“….History says that we needed missions because we were savages and we needed religion,” says Carolyn Rodriguez, a youth group leader with the Amah Mutsun Tribal Band. “But we had our religion. We had our own way of life. We didn’t need to be forced into another one.”
On Saturday, the Tribal Band led a ceremony to signify the removal of a bell marker from the intersection of Soquel and Dakota avenues in Santa Cruz, which is now the first city in California to remove all bells from public property. The Tribal Band is comprised of descendants of the tribal groups who fell under the influence of the San Juan Bautista and Santa Cruz missions in the 18th, 19th and 20th centuries.
Originally, the Tribal Band planned to remove the bell following a public speaking event at Mission Plaza Park and a procession to the site. But late Friday night or early Saturday morning, the bell was stolen.
Santa Cruz Police Chief Andy Mills confirmed the theft on Saturday. Mills said police do not yet have any suspects, but they did collect evidence and are searching for surveillance footage.
“We believe we will be able to make some progress in the not too distant future,” he says. “We certainly will investigate the hate crime aspect of this, should it be a hate crime. [Saturday] we are making a visual presence so people feel comfortable and safe.”
Former Santa Cruz Mayor Justin Cummings spoke out against the theft of the bell at the rally in Mission Plaza before a crowd of about 400 people.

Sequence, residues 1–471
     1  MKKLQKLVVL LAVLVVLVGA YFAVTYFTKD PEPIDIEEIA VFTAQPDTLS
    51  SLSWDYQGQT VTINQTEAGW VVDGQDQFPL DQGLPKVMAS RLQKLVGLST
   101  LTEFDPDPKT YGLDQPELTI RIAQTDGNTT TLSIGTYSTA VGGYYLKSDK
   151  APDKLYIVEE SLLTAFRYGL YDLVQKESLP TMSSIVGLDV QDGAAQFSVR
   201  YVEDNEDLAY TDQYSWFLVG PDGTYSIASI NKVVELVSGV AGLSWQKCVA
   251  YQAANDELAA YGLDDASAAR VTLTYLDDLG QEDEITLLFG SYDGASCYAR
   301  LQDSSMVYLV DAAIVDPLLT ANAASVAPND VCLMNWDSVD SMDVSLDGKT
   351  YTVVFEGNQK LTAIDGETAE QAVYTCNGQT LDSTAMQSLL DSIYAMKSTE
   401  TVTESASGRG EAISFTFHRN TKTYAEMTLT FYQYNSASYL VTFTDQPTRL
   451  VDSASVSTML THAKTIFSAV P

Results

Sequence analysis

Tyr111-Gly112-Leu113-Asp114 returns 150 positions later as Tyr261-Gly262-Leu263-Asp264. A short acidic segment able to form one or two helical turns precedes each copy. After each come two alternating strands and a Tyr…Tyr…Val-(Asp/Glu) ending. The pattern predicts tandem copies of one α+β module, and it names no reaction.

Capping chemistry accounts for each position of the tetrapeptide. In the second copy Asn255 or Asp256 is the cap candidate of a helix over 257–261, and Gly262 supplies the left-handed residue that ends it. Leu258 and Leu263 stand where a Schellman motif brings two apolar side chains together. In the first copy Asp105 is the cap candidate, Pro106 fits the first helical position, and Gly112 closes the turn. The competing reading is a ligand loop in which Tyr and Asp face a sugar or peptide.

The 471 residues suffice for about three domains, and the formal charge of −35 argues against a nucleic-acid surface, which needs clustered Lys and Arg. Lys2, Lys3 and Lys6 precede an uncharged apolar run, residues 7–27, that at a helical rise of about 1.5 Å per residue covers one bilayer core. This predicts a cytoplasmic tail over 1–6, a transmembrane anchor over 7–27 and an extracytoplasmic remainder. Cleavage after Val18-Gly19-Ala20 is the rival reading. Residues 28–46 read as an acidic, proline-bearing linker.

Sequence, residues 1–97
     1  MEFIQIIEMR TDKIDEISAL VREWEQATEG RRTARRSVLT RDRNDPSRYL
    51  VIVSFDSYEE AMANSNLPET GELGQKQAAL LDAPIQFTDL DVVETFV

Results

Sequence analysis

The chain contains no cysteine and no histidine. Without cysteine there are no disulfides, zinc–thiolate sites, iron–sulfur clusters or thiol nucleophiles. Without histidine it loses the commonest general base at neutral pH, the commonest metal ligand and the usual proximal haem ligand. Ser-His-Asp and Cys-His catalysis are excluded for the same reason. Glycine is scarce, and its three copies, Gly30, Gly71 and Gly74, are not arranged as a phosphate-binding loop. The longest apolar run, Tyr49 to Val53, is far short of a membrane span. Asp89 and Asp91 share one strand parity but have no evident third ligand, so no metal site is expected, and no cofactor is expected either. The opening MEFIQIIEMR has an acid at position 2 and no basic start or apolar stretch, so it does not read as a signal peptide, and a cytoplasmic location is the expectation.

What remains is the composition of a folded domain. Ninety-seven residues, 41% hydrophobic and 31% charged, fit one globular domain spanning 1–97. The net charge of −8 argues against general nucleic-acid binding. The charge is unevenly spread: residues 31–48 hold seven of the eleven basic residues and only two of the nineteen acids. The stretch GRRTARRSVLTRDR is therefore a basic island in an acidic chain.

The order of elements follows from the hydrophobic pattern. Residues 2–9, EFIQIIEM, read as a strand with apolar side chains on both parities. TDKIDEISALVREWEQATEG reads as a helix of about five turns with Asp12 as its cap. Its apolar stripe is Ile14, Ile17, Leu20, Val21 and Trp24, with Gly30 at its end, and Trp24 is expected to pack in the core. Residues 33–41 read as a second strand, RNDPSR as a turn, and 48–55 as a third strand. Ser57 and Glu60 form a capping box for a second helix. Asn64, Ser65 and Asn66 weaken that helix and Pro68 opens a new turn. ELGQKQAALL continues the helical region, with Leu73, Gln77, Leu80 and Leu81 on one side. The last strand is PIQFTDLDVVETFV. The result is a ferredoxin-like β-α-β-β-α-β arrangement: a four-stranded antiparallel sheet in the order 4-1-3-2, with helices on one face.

“I strongly condemn the illegal removal of the bell in the cover of night,” he said. “These types of shameful acts are not acceptable. This is a time to honor all Indigenous people. Today we are not here to cancel history, but to get it right.”
Valentin Lopez, Chair of the Tribal Band, says the theft does not matter in the long run.
“It was going to come down anyways,” Lopez says. “The most important thing is that it has been removed. The ceremony was a time for prayer and for the community to come together. It was a time to acknowledge the true history of the missions and move towards healing.”
He also says that the removal did not change the ceremony “in any way.”
“We had the same prayer, same speakers and same message,” he says. “[It] brought Native peoples and non-Natives together to reflect, pray, to learn, and to recognize it is time for change and time for healing.”
….The bell was replaced Saturday with an informational metal sign that describes the reasons for its removal. The sign will eventually be replaced by a permanent memorial which will be developed by the Tribal Band and the city of Santa Cruz.
Lopez said the Tribal Band is continuing its work in removing more bell markers statewide. This includes a campaign asking for bells on state property to be removed….
The above comes from an Aug. 31 story in Good Times.